Cusanus


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Cusanus

(kjuːˈseɪnəs)
n
(Biography) Nicholas. See Nicholas of Cusa
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Again, the issue does not confine itself to the historical moment in question, but has a more ample pertinence, as we know, for example, that the first bud of strictly modern infinity, Nicolaus Cusanus' idea of coincidentia oppositorum, which had flashed in the mind of the cardinal during his sea travel (in the winter of 1437-38) back from Greece (Cusanus 2002:100), where he had made serious efforts towards reunification of the Western and Eastern Church, revealed itself to have in addition to the schismatic background also an obvious connotation of harmonizing the two great Greek thinkers (Blum and Damschen 2006:XXX-XXXI).
Pluralitat und Rationalitat: Die Herausforderung der Vernunfi durch religiose und kulturelle Vielfalt nach Nikolaus Cusanus. Theologic und Frieden 32.
Theosis, the Neoplatonic term for the culmination of human existence as understood by Nicholas of Cusa (1401-1464), serves Nancy Hudson as the pivotal point for a multifaceted presentation of the thought of Cusanus. Before taking up the Cusan teaching on divine theophany (which is one side of the divine self-manifestation within creation, since all creatures represent an already realized deification), H.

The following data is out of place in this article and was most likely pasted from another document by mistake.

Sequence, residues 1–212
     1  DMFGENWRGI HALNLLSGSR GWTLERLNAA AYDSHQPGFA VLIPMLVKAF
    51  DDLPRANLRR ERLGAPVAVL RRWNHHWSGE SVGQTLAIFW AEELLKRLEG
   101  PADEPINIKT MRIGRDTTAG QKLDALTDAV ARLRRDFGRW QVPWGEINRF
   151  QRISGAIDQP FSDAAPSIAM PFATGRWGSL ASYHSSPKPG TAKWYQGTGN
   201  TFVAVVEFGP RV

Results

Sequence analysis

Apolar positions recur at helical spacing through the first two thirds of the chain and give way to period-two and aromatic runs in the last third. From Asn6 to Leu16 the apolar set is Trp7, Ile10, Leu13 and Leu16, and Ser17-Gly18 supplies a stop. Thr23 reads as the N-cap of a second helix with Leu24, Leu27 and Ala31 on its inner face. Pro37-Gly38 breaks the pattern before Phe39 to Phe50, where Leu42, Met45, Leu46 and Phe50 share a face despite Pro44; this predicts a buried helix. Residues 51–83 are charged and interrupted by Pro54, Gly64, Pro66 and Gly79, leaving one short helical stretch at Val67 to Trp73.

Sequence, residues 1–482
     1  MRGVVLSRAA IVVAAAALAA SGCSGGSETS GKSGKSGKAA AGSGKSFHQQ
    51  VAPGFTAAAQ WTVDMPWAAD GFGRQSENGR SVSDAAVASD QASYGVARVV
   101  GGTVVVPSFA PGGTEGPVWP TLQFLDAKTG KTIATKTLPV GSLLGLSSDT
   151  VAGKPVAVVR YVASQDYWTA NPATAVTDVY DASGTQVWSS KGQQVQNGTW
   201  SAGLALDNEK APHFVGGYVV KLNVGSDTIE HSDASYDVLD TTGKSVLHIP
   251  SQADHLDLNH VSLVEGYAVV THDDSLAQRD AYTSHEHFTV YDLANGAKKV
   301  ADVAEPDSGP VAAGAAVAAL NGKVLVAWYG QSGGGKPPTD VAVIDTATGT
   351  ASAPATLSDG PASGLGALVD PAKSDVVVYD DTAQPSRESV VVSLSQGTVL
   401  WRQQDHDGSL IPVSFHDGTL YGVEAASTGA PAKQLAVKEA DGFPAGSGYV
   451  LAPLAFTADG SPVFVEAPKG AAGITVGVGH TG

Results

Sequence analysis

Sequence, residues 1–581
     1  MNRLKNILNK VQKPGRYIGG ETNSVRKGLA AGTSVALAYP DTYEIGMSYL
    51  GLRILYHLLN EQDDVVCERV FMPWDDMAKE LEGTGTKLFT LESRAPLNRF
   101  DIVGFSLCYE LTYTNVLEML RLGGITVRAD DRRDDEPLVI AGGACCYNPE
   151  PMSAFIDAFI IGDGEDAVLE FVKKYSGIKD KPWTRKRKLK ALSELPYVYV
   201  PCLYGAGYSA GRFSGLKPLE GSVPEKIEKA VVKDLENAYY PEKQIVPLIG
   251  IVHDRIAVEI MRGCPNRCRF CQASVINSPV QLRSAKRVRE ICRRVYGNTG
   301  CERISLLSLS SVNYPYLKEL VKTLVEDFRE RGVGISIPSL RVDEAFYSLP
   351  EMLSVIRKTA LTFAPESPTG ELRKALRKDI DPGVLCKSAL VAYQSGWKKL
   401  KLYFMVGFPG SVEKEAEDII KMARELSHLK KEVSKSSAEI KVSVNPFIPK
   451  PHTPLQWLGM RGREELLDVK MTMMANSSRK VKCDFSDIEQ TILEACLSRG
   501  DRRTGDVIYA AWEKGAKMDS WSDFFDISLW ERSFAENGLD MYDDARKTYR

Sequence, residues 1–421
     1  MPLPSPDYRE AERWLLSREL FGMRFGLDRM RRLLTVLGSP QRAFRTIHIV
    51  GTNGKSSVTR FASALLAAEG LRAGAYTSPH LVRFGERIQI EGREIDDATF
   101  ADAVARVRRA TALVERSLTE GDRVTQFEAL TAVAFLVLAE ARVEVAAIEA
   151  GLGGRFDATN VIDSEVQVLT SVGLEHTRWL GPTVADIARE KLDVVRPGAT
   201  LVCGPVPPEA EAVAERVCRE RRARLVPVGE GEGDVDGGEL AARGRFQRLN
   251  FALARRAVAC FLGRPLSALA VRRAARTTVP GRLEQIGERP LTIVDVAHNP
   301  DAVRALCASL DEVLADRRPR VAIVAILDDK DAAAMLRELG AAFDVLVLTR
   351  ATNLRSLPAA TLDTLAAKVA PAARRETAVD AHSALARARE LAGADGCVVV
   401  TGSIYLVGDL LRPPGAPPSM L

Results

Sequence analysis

The historian Will Durant called him "the most complete Christian of his time" and claimed that "had there been more such Nicholases there might have been no Luther." So Cusanus's ecumenical credentials are of the first order.
(73.) Es significativo que Alvarez Gomez emplee los mismos calificativos para referirse a Cusa y a Segovia: <<Er [Segovia] hat also ein uneingeschranktes Vertrauen zur Fahigkeit der ratio>>; <<Bei Cusanus stellen wir ebenso ein uneingeschranktes Vertrauen zum Intellekt fest>>: Mariano ALVAREZ GOMEZ, Uber die Bedingungen des Friedens im Glauben bei Johannes von Segovia undNikolaus von Kues, cit.
This public notice has itself brought new inquiries about Cusanus, the Renaissance man.
5:3; in another place, he refers to the docta ignorantia of Nicolas Cusanus: La nueva inocencia, Estella, Verbo Divino, 1993, for instance pp.34f.
Nicholas Cusanus, Copernicus, Bruno, Kepler, Galileo, Gassendi, Descartes, Boyle and Newton are usually taken as the major figures in the birth of modern science.
(On the philosophical and historical significance of Nicholas, see Cassirer, Dupre, and Koyre.) At the beginning of English Literature in the Sixteenth Century (1954), Lewis refers to Cusanus as "an early believer (for his own, metaphysical, reasons) in earth's movement" and he then goes on to discuss the advent of scientific methodology and the triumph of dualism: "By reducing Nature to her mathematical elements it substituted a mechanical for a genial or animistic conception of the universe.
Each of her five subjects - Petrarch, Cusanus, Valla, Machiavelli, and Montaigne - undertook a profoundly original rethinking of the basis for understanding, belief, and communication.